"But those in favour include frustrated residents, who claim spaces are taken up by commuters travelling as from as far as Kent driving in to make use of spaces outside the overground station."

When did East Dulwich become part of the overground ?

messageRe: CPZ: Proposed Controlled Parking in East Dulwich
Posted by intexasatthe moment February 08, 10:45AM

aah ,back in the day /in another century that's how we used to differentiate between trains that ran on rails above the ground and those that ( mainly) travelled under the ground .

Simpler times .

messageRe: CPZ: Proposed Controlled Parking in East Dulwich
Posted by intexasatthe moment February 08, 10:47AM

"One incredulous resident shared on the forum: ďIn December I came across one chap, suited and booted, sitting in his Merc with the engine running whilst enjoying a bowl of cereal."

blimey I missed that ! No mention of stalkers harassing young female drivers ?

messageRe: CPZ: Proposed Controlled Parking in East Dulwich
Posted by rendelharris February 08, 10:50AM

intexasatthe moment Wrote:
-------------------------------------------------------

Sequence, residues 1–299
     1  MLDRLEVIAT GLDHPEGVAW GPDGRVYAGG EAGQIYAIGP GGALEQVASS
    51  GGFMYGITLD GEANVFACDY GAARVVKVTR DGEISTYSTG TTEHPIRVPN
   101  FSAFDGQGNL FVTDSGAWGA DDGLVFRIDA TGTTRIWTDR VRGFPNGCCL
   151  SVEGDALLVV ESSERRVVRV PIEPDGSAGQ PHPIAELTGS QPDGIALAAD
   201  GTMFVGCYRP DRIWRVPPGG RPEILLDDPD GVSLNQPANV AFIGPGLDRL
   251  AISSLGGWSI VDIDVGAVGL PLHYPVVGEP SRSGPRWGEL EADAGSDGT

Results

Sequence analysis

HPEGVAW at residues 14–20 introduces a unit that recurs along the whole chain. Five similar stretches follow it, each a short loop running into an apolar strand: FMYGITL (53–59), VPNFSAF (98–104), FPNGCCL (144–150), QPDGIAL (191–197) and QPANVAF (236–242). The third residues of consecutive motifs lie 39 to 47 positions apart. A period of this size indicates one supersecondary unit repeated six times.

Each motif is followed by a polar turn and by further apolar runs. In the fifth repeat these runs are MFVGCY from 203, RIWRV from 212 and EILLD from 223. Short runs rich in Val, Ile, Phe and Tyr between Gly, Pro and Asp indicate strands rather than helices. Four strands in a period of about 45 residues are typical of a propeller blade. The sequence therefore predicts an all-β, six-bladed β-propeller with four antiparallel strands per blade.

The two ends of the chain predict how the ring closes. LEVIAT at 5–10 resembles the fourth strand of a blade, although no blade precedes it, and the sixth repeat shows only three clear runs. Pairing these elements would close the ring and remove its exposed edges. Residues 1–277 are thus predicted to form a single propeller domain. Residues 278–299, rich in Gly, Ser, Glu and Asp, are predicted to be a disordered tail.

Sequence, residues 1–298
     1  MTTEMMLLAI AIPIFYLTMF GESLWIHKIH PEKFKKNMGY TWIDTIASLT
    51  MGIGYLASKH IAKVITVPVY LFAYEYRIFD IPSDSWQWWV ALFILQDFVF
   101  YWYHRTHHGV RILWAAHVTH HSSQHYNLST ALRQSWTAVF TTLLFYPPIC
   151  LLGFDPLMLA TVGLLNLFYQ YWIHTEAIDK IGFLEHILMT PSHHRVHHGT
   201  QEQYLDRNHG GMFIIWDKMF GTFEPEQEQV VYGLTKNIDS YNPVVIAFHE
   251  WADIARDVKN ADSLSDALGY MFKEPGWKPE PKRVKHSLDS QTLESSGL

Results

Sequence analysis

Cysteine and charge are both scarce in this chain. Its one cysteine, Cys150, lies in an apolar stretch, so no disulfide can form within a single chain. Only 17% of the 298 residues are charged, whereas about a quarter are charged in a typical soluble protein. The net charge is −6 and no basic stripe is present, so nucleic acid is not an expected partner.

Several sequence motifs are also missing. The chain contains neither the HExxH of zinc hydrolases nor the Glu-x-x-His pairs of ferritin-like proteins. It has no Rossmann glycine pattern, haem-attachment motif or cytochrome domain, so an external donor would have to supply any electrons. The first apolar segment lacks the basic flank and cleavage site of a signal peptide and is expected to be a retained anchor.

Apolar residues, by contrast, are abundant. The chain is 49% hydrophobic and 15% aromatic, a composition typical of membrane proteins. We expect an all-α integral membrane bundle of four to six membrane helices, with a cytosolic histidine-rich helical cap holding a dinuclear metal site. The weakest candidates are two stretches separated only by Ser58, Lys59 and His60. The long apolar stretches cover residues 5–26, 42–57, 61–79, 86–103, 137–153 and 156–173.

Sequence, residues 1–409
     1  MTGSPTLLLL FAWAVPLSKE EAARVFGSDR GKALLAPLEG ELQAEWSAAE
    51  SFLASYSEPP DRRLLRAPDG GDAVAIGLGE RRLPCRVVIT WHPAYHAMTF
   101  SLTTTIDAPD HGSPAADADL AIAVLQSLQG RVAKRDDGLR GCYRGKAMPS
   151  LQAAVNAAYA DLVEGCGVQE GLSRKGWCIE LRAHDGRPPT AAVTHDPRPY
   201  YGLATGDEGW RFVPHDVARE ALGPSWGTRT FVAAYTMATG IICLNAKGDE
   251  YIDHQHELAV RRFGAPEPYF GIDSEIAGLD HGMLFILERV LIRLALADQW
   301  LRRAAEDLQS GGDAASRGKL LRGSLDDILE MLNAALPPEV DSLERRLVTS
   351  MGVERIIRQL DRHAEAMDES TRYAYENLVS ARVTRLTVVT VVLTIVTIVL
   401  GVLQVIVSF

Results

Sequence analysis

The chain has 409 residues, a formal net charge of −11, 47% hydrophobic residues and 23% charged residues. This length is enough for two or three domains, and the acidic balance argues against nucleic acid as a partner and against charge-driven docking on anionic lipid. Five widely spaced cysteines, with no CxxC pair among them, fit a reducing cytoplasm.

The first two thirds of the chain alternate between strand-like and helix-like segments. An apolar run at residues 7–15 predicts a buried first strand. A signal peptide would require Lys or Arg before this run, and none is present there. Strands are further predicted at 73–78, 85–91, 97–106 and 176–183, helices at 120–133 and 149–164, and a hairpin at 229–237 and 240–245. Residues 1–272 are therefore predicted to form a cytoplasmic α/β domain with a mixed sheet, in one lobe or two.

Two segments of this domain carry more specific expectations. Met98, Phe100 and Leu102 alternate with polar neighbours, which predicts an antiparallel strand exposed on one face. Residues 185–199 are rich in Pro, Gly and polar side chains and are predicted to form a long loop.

> "One incredulous resident shared on the forum: ďIn
> December I came across one chap, suited and
> booted, sitting in his Merc with the engine
> running whilst enjoying a bowl of cereal."
>
> blimey I missed that ! No mention of stalkers
> harassing young female drivers ?

My story - and a true one at that. An egregious example, but by no means isolated, people often take time to do their makeup, make phone calls, finish their coffee etc before setting off for the station, and in winter 90% will keep the engine running.

messageRe: CPZ: Proposed Controlled Parking in East Dulwich
Posted by Abe_froeman February 08, 01:49PM

The sub-headline of that article: The councilís plans say up to 40% of kerbside space could be freed up,..."

I can't see this claim in the consultation document, but presume this is what was referred to in that meeting when residents were told there would be 40% more parking.

Now it makes sense.

There will not be 40% more parking. There will be 40% more unused kerbside space, taken up by double yellow lines parklets bike stands and more double yellow lines.

messageRe: CPZ: Proposed Controlled Parking in East Dulwich
Posted by singalto February 08, 02:00PM

Abe_froeman, I was told by Joanna,the spokesperson forthis scheme, that there would be 40% more space once the CPZ was in place when I went to the shambolic drop in session. I said that was impossible as the white lines would become extended double yellows. She insisted. I think she said it again at the DCC meeting.